Dow Jones Industrial Average rises on renewed rate cut hopes


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  • Dow
    Jones
    climbed
    to
    39,500.00
    as
    markets
    read
    between
    the
    lines.

  • Fed
    Chair
    Powell
    wraps
    up
    two-day
    Congressional
    testimony.

  • Markets
    look
    ahead
    to
    key
    US
    inflation
    data
    later
    in
    the
    week.

The
Dow
Jones
Industrial
Average
(DJIA)
climbed
on
Wednesday,
testing
above
39,500.00
as
equity
markets
stepped
back
into
a
risk-on
stance.
Rate
cut
hopes
continue
to
underpin
broader
market
flows,
and
investors
have
recovered
their
footing
and
brushed
off
an
overall
cautious
tone
from
Federal
Reserve
(Fed)

Chairman
Jerome
Powell
.

Fed
Chair
Powell
wrapped
up
the
second
of
a
two-day
appearance
before
US
Congressional
committees
on
Wednesday,
with
the
head
of
the
US
central
bank
sticking
close
to
a
familiar
script
across
both
days.
While
giving
a
nod
of
the
head
to
overall
progress
on
inflation,
and
admitting
that
the
Fed
isn’t
going
to
wait
until
inflation
hits
the
2%
annual
target,
Fed
Chair
Powell
remains
firmly
planted
in
a
cautious
stance.
While
the
Fed
won’t
be
waiting
for
inflation
to
hit
the
overall
target,
Fed
officials
still
want
further
evidence
that
inflation
will
eventually
hit
2%
before
delivering
rate
cuts.

According
to
the
CME’s
FedWatch
Tool,
rate
markets
still
have
hopes
firmly
pinned
on
a
September
rate
cut,
with
interest
rate
traders
pricing
in
75%
odds
of
at
least
a
quarter-point
trim
to
the
fed
funds
rate
on
September
18.

With
the
Fed
entrenched
in
a
wait
for
further
signs
of
easing
inflation,
markets
will
be
firmly
focused
on
US
inflation
figures
due
this
week.
US
Consumer
Price
Index
(CPI)
inflation
is
slated
for
Thursday,
with
US
Producer
Price
Index
(PPI)
wholesale
inflation
due
on
Friday.
Rate-cut-hungry
investors
may
be
set
up
for
disappointment
with
June’s
annualized
core
CPI
expected
to
hold
steady
at
3.4%,
and
Friday’s
YoY
core
PPI
expected
to
actually
tick
higher
to
2.5%
from
the
previous
2.3%.

Dow
Jones
news

The
Dow
Jones
firmly
shook
off
cautious
tones
on
Wednesday,
rallying
to
a
daily
high
of
39,526.17
and
climbing
around
200
points.
Over
two-thirds
of
the
index
is
in
the
green
for
the
day,
with
Honeywell
International
Inc.
(HON)
leading
the
charge,
climbing
1.4%
on
Wednesday
but
closely
followed
by
megacap
companies
including
Amgen
Inc.
(AMGN),
Home
Depot
Inc.
(HD),
Apple
Inc.
(AAPL),
and
McDonald’s
Corp.
(MCD).
On
the
low
side,
Visa
Inc.
(V)
fell
to
the
bottom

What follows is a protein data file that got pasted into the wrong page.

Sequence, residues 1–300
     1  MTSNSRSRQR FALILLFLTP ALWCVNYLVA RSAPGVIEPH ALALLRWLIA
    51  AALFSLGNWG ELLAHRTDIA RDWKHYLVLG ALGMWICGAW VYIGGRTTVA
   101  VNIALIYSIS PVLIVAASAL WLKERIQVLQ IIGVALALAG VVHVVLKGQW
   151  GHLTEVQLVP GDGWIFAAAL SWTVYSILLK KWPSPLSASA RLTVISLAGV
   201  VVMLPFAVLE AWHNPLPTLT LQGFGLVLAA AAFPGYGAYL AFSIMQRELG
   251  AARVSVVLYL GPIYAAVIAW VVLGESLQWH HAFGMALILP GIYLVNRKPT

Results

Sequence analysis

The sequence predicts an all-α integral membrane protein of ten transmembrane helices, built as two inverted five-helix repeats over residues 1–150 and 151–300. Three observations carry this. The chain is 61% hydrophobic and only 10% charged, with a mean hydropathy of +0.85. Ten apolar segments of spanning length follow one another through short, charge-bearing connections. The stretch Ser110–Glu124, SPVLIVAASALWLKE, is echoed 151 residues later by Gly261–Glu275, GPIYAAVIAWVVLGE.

of
the
board,
backsliding
-1.8%
to
$260.61
per
share.

Dow
Jones
technical
outlook

The
Dow
Jones
has
given
a
choppy
two-day
performance,
climbing
a
full
percentage
point
bottom-to-top
from
Tuesday’s
lows
near
39,130.00.
Bullish
momentum
is
poised
for
a
breakout
of
recent
consolidation
as
price
action
gets
squeezed
between
the
50-day
Exponential
Moving
Average
(EMA)
near
39,000.00
and
a
supply
zone
priced
in
near
the
40,000.00
major
price
handle.

Dow
Jones
five
minute
chart

Dow
Jones
daily
chart

Dow
Jones
FAQs

The
Dow
Jones
Industrial
Average,
one
of
the
oldest
stock
market
indices
in
the
world,
is
compiled
of
the
30
most
traded
stocks
in
the
US.
The
index
is
price-weighted
rather
than
weighted
by
capitalization.
It
is
calculated
by
summing
the
prices
of
the
constituent
stocks
and
dividing
them
by
a
factor,
currently
0.152.
The
index
was
founded
by
Charles
Dow,
who
also
founded
the
Wall
Street
Journal.
In
later
years
it
has
been
criticized
for
not
being
broadly
representative
enough
because
it
only
tracks
30
conglomerates,
unlike
broader
indices
such
as
the
S&P
500.

Many
different
factors
drive
the
Dow
Jones
Industrial
Average
(DJIA).
The
aggregate
performance
of
the
component
companies
revealed
in
quarterly
company
earnings
reports
is
the
main
one.
US
and
global
macroeconomic
data
also
contributes
as
it
impacts
on
investor
sentiment.
The
level
of
interest
rates,
set
by
the
Federal
Reserve
(Fed),
also
influences
the
DJIA
as
it
affects
the
cost
of
credit,
on
which
many
corporations
are
heavily
reliant.
Therefore,
inflation
can
be
a
major
driver
as
well
as
other
metrics
which
impact
the
Fed
decisions.

Dow
Theory
is
a
method
for
identifying
the
primary
trend
of
the
stock
market
developed
by
Charles
Dow.
A
key
step
is
to
compare
the
direction
of
the
Dow
Jones
Industrial
Average
(DJIA)
and
the
Dow
Jones
Transportation
Average
(DJTA)
and
only
follow
trends
where
both
are
moving
in
the
same
direction.
Volume
is
a
confirmatory
criteria.
The
theory
uses
elements
of
peak
and
trough
analysis.
Dow’s
theory
posits
three
trend
phases:
accumulation,
when
smart
money
starts
buying
or
selling;
public
participation,
when
the
wider
public
joins
in;
and
distribution,
when
the
smart
money
exits.

There
are
a
number
of
ways
to
trade
the
DJIA.
One
is
to
use
ETFs
which
allow
investors
to
trade
the
DJIA
as
a
single
security,
rather
than
having
to
buy
shares
in
all
30
constituent
companies.
A
leading
example
is
the
SPDR
Dow
Jones
Industrial
Average
ETF
(DIA).
DJIA
futures
contracts
enable
traders
to
speculate
on
the
future
value
of
the
index
and
Options
provide
the
right,
but
not
the
obligation,
to
buy
or
sell
the
index
at
a
predetermined
price
in
the
future.
Mutual
funds
enable
investors
to
buy
a
share
of
a
diversified
portfolio
of
DJIA
stocks
thus
providing
exposure
to
the
overall
index.